Pope Francis is in many ways the ideal Pope for the modern world. Not, unfortunately, the ideal Pope for Christians, but as an embodiment of Modernism he would be hard to beat. He has all the self-satisfaction coupled with vapidity, with his superficial virtues creating the crust upon the utter incompetence that defines our era.

The Vatican’s nativity scene, which was unveiled earlier this month, is certainly the kind of display we would expect from this pontificate. As I understand it, it is a sculpture that was made at an art school in the 1960s or 70s, and is thus a relic of the most superficial and ephemeral environments, from one of the most disastrous single decades in the history of the Church. It has been dragged out and set up in St. Peter’s Square, pretending to be anything other than the refuse of an era already slipping into unmourned oblivion.

This thing looks like a giant version of a child’s toy set and not even a very good one at that, but cheap figurines designed for toddlers with undiscriminating parents. While some of these “toys” may have had their origins in a ‘My First Nativity’ set, others seemed to have been culled from a mishmash of whatever was to be found in the toy box, such as the remains of a Knights and Vikings themed collection or figures from an ‘Alien for Tots’ playset. Meanwhile some of the animals look to have been constructed from bits of leftover shag carpet that daddy was too cheap to throw away.

Again, it is almost the ideal representation of the level of teaching coming from the Vatican at present: immature and lacking even the best qualities of childishness. It is simplistic without elegance or clarity with a lot of nonsense mixed in where it clearly doesn’t belong.

What Modernism Has Done to Art

Having this thing proudly displayed under the shadow of the works of Michelangelo and Bernini, a mere minutes’ walk from the Vatican museums and the Sistine Chapel, is equally fitting. Here, indeed, is Modernism: plopping something that would have embarrassed a first-year art student, down amidst the works of artistic giants and declaring it brilliant because it is not like what they would have done. All the arrogance of adolescence with all the capacity of childhood.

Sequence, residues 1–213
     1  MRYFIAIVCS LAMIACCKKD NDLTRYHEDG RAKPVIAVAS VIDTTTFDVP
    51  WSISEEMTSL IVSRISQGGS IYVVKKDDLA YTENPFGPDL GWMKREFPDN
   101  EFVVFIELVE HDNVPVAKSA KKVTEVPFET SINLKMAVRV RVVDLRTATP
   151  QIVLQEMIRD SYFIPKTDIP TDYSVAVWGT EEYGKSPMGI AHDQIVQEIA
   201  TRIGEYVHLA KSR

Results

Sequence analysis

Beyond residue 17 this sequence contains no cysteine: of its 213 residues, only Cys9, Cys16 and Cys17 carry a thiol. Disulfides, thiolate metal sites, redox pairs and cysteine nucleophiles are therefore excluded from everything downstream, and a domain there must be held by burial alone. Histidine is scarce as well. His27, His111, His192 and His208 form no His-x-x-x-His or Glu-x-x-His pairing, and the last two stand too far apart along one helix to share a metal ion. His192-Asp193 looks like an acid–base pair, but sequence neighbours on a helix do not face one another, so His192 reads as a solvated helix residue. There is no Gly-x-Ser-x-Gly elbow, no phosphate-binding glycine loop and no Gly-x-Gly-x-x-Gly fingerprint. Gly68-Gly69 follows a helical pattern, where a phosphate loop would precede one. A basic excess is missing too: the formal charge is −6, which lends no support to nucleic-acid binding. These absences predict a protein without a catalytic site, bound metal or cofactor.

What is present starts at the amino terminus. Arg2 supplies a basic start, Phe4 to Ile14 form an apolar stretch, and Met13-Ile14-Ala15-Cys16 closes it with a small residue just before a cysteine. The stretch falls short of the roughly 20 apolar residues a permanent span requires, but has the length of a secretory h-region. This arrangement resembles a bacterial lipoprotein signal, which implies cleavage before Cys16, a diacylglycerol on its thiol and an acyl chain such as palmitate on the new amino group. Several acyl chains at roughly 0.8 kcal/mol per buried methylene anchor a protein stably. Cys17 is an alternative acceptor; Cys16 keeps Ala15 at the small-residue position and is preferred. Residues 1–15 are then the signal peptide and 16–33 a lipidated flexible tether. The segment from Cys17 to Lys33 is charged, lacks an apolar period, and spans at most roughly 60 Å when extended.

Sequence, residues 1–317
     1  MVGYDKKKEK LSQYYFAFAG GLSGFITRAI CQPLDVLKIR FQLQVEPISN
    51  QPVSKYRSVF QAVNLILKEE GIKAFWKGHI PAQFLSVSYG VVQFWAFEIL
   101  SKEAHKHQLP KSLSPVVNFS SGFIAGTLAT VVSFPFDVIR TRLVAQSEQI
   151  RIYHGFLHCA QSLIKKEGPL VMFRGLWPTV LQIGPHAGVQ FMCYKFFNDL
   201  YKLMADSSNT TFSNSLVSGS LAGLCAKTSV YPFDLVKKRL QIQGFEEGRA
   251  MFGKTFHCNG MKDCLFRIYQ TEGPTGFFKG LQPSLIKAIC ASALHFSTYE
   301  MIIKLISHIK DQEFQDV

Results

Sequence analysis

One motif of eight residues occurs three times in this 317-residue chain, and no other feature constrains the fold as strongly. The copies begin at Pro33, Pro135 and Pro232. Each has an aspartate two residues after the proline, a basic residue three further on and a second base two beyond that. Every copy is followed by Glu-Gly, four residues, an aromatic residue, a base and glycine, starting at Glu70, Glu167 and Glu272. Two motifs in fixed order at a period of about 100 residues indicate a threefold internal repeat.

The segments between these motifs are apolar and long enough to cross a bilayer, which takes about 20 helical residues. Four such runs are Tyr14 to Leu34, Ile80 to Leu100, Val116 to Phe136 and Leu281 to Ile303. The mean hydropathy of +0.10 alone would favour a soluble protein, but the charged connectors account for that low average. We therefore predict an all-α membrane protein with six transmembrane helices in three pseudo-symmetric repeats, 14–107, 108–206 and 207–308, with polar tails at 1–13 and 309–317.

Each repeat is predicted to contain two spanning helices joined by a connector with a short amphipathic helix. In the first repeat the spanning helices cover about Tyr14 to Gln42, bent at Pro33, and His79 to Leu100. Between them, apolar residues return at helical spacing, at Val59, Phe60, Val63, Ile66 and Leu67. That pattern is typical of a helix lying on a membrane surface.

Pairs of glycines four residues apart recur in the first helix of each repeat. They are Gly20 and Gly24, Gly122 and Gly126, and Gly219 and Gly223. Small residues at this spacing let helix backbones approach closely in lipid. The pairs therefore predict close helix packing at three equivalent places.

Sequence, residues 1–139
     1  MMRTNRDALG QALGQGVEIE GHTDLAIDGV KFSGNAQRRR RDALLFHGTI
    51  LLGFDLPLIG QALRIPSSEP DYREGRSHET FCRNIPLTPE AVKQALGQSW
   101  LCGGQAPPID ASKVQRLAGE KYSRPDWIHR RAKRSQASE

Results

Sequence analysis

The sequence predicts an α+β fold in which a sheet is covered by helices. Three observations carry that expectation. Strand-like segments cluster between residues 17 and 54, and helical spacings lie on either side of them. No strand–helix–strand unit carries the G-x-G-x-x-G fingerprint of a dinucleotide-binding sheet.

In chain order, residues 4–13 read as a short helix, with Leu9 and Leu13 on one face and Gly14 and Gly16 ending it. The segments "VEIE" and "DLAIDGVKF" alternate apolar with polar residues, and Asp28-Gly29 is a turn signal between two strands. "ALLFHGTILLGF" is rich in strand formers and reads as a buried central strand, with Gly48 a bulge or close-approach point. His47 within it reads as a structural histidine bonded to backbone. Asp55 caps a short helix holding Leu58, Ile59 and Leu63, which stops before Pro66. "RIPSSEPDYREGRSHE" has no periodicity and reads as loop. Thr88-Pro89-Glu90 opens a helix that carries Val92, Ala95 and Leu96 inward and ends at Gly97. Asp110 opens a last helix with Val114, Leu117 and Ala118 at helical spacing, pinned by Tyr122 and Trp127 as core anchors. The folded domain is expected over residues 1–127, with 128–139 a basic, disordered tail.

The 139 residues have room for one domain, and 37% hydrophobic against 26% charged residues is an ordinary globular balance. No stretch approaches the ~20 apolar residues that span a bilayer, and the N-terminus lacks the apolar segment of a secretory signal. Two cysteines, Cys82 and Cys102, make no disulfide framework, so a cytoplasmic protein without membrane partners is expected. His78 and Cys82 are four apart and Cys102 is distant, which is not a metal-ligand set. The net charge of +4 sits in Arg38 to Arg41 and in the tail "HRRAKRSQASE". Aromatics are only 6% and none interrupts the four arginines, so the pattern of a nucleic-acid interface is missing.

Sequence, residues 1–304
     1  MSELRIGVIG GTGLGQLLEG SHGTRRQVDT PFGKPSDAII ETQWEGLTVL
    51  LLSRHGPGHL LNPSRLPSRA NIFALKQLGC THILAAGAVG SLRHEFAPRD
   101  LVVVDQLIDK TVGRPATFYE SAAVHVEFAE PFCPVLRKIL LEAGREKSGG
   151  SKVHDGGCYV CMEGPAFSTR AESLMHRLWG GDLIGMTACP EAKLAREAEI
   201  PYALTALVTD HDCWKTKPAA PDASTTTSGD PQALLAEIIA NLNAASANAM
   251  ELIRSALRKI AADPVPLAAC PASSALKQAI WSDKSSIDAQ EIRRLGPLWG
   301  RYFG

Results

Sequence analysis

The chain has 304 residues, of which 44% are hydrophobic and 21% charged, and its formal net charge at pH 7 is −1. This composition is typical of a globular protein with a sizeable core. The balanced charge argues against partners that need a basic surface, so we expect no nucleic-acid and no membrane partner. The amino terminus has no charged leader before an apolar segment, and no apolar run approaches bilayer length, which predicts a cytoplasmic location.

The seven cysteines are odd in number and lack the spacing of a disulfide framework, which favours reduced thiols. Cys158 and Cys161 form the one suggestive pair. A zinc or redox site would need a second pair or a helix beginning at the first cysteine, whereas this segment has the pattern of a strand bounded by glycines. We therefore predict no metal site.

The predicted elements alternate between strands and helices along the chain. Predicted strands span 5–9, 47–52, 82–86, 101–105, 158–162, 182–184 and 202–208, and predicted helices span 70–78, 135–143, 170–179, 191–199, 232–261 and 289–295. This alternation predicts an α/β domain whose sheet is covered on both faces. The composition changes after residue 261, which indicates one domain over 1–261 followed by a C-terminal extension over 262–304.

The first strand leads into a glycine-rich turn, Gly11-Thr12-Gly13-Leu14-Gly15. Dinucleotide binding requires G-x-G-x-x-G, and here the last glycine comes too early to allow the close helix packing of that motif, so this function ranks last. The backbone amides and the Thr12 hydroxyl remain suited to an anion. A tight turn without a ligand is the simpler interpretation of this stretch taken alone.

While speaking of the scene, the Holy Father as usual embarrassed himself by trying to discuss the purpose of art. He commented that it “frees us from the desire to dominate others, makes us sensitive to their difficulties, and prompts us to live in harmony with all,” and that such works “generate empathy, the ability to understand others, with whom we have so much in common. We sense a bond with them, a bond no longer vague, but real and shared.”

You will of course note that glorifying God or illustrating the truth of the Gospel is not mentioned, only its possible benefit to current human society.

How a piece of ‘art’ that most people would probably require a diagram to even make sense of, is supposed to generate ‘the ability to understand others' is a mystery, though I suppose it could create a ‘real and shared bond’ through mockery if nothing else. All peoples love a good joke. Though that is itself a problem, given that this is ostensibly intended as a depiction of our Lord’s nativity.

For here is where most modern religious art that exploded during the same era that gave this monstrosity birth truly fail. They do nothing to glorify their subjects, for their subjects are often unclear and poorly defined. If anything, they degrade them and subject them to mockery.

A work of art has not only itself consider, but is also meant to direct our attention to its subject. This is of course why beautiful and impressive works of art have been used to honor God from time immemorial, such as the Temple of Solomon that was decorated with bronze statues or the Ark of the Covenant which was lined in gold and decorated with golden cherubim. A good work of art invites positive contemplation of the subject, reverence, and self-forgetfulness. The majesty of a Medieval cathedral, the tender loveliness of Michelangelo’s Pieta, or the glory of the rose windows of Notre Dame all elevate our minds and hearts, fostering a proper sense of humility and awe. Even the glossy prettiness of a simple Christmas card depiction of the Nativity can at least invite us to a sense of the warmth and tenderness of the scene.